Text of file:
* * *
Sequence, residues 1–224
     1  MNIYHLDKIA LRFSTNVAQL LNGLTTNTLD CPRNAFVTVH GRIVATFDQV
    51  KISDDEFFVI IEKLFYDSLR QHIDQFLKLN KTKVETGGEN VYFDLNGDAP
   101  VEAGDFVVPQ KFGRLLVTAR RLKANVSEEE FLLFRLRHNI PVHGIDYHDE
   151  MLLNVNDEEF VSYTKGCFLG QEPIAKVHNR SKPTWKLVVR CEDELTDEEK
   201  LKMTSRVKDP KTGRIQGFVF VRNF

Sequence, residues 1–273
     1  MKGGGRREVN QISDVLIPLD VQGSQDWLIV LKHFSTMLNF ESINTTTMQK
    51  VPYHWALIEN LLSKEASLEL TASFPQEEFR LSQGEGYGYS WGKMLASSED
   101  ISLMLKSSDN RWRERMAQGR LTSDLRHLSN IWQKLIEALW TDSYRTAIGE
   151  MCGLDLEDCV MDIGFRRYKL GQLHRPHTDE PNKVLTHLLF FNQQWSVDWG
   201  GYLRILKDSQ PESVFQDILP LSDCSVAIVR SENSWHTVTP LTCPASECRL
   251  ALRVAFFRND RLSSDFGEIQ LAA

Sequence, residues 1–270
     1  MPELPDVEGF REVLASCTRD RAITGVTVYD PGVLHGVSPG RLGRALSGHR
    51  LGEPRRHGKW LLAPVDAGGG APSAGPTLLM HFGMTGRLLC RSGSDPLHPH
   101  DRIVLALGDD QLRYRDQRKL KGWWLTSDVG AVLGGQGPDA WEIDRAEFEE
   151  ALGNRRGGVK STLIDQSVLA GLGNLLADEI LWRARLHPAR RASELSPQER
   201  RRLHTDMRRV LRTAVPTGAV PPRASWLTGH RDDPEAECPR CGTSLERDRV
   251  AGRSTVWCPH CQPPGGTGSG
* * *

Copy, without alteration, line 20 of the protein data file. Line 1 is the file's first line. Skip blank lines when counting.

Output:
   251  AGRSTVWCPH CQPPGGTGSG